Eglantyne Louisa Jebb (1845–6 November 1925) was an Irish social reformer. A keen supporter of the arts and crafts movement, in 1884 she founded the Home Arts and Industries Association as a way of reviving country crafts and overcoming rural poverty.
Eglantyne Louisa Jebb was born in 1845 in Dublin to Emily Harriett (née Horsely) and Robert Jebb. She was four years younger than her brother, who would become the classicist Sir Richard Claverhouse Jebb and five years older than their twin siblings, Heneage and Bob. Her father was a Queen's Counsel of the Irish bar and studied literature. His family included Sir Joshua Jebb, a prison reformer; Oxford Movement pioneer, John Jebb, Bishop of Limerick; and court physician, Sir Richard Jebb. Her mother was the daughter of the Dean of Brechin, Rev. Heneage Horsley. In 1850, the family moved to Killiney, due to the delicate health of the twins. From an early age, she was called Tye and studied art and poetry. In 1871, she married her cousin Arthur Trevor Jebb (1839–1894), a barrister and landowner from Ellesmere, Shropshire.
The couple's first child, Emily was born in 1872 and the following year, Jebb gave birth to another daughter, Louisa, or "Lill". Their son, Richard, known as Dick, was born in 1874; followed by Eglantyne in 1876; Arthur, known as "Gamul", in 1879 and Dorothy in 1881. In 1884, Jebb founded the Cottage Arts Association to create a network for craft education throughout England and assist in philanthropic efforts to overcome poverty in rural areas. She renamed the organization in 1885, as the Home Arts and Industries Association.
The organization sponsored courses in craftwork, specifically woodworks and wearable items. The idea behind the programs was to provide education and training on art production to help people make a living, but also to build appreciation for the beauty of handicrafts. Jebb was able to secure patrons such as Earl Brownlow and his wife, Countess Adelaide; Katherine Cavendish, Duchess of Westminster; and Louisa Beresford, Marchioness of Waterford as patrons. They helped provide not only funding for the schools, but exhibition spaces for the goods to be shown to society figures. She ran the organization until 1887, when health concerns forced her to withdraw from active participation, though she did continue to organize free classes.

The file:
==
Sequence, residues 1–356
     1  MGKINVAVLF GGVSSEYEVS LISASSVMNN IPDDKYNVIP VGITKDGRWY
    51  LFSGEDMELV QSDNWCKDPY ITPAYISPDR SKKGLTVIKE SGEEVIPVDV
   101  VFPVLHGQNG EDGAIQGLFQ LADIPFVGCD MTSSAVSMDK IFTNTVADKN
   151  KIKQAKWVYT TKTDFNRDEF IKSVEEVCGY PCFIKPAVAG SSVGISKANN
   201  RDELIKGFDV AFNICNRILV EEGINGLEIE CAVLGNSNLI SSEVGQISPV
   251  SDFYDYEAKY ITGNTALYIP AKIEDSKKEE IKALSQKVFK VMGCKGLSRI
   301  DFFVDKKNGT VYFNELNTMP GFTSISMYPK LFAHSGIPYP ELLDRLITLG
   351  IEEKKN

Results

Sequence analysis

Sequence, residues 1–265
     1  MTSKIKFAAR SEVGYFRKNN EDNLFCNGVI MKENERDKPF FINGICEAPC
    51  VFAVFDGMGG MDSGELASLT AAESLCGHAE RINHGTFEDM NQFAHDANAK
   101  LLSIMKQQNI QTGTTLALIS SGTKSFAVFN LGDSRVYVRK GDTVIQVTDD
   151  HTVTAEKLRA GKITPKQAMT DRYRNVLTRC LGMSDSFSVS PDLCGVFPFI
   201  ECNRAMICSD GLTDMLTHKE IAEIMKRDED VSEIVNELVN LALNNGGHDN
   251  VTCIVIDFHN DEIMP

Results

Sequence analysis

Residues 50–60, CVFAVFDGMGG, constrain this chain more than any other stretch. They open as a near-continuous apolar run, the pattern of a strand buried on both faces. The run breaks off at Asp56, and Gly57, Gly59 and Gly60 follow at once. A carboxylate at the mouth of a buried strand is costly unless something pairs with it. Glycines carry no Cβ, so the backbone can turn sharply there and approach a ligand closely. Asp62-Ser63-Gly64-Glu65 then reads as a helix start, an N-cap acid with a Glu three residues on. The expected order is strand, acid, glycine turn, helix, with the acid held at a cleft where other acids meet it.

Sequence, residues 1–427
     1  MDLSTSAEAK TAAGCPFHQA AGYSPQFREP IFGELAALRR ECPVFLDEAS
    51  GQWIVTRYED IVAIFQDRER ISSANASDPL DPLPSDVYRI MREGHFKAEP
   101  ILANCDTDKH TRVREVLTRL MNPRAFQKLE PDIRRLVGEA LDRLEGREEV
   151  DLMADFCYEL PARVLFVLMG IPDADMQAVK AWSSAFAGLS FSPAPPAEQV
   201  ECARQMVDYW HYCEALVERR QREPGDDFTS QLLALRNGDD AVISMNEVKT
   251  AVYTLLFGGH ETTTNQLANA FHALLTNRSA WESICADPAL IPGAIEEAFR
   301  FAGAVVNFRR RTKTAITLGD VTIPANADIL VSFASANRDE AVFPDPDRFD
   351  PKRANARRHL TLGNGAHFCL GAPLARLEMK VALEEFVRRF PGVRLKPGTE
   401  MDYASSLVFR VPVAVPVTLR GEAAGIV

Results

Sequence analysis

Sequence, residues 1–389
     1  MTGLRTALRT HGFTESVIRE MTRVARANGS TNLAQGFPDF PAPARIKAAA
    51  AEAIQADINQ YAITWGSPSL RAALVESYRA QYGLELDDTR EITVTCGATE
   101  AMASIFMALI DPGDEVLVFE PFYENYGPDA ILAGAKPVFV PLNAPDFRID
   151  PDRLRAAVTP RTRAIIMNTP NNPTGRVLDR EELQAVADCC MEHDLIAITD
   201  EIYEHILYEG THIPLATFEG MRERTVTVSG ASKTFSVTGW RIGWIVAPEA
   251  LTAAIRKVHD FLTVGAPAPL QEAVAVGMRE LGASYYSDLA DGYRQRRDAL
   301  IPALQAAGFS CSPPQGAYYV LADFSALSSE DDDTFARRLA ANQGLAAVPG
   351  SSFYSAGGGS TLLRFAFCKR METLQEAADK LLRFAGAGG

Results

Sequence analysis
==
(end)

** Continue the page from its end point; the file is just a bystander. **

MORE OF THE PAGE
After her husband's death in 1894, Jebb resided with her unmarried daughter and namesake, Eglantyne, in Cambridge. A further health issue caused them to move to the Swiss Riviera in 1910, traveling between health spas in Austria, Italy and Switzerland. During the war, Eglantyne agreed to collect, distribute, and monitor funds for the Macedonia Relief Fund. Jebb, contributed £50 to the relief efforts, and supported her daughter's 1913 trip to the Balkan states.
Death and legacy
Jebb died 6 November, 1925 in Sussex, England. Two of her daughters, Eglantyne and Dorothy, founded the Save the Children Fund, and Eglantyne Jebb also wrote the Declaration of the Rights of the Child.
- Jebb 1907, pp. 1, 7, 11.
- Jebb 1907, p. 11.
- Bye-gones 1894, pp. 496-497.
- Jebb 1907, pp. 11-12.
- Mulley 2009, p. 45.
- Jebb 1907, p. 7.
- Jebb 1907, p. 12.
- Mulley 2009, p. 47.
- Helland 2007, p. 6.
- Amos & Binkley 2020, p. 115.
- Helland 2004, pp. 32, 38.
- Helland 2004, pp. 31, 38.
- Helland 2004, p. 31.
- Mulley 2009, p. 62.
- Mulley 2009, p. 25.
- Harrison 2004, p. 838.
- Mulley 2009, pp. 173-174.
- Mulley 2009, pp. 198-199.
- Wills and Administrations 1925.
- Harrison 2004, p. 839.
- Amos, Johanna; Binkley, Lisa (2020). Stitching the Self: Identity and the Needle Arts. London, UK: Bloomsbury Publishing. ISBN 978-1-350-07039-4.CS1 maint: ref=harv (link)
- Harrison, Brian (2004). "Jebb, Eglantyne *1876-1928)". In Matthew, H. C. G.; Harrison, Brian (eds.). Oxford Dictionary of National Biography. Oxford Dictionary of National Biography. 29: Hutchins—Jennens (online ed.). Oxford, UK: Oxford University Press. pp. 838–839. ISBN 0-19-861379-2.CS1 maint: ref=harv (link) (Subscription or UK public library membership required.)
- Helland, Janice (2007). British and Irish Home Arts and Industries, 1880–1914: Marketing Craft, Making Fashion. Irish Academic Press. ISBN 978-0-7165-2890-6.CS1 maint: ref=harv (link)
- Helland, Janice (2004). "Exhibiting Ireland: The Donegal Industrial Fund in London and Chicago". Revue d'art canadienne/Canadian Art Review. Arnprior, Ontario: Universities Art Association of Canada. 29 (1–2): 28–46. ISSN 0315-9906. JSTOR 42630693.CS1 maint: ref=harv (link)
- Jebb, Caroline (1907). Life and Letters of Sir Richard Claverhouse Jebb. London, UK: Cambridge University Press. OCLC 977253188.CS1 maint: ref=harv (link)
- Mulley, Clare (2009). The Woman Who Saved the Children: A Biography of Eglantyne Jebb: Founder of Save the Children. London, UK: Oneworld Publications. ISBN 978-1-78074-068-3.CS1 maint: ref=harv (link)
- "The Late Arthur Trevor Jebb, Esq". Bye-gones, Relating to Wales and the Border Counties. 2. Oswestry, Shropshire: Woodall, Minshall and Company. 3: 496–497. 12 December 1894. OCLC 57412143.
- "Wills and Administrations, 1858-1957: Eglantyne Louisa Jebb". FamilySearch. London: Her Majesty's Stationery Office. 6 November 1925. microfilm #7707335, image 503. Retrieved 27 March 2020.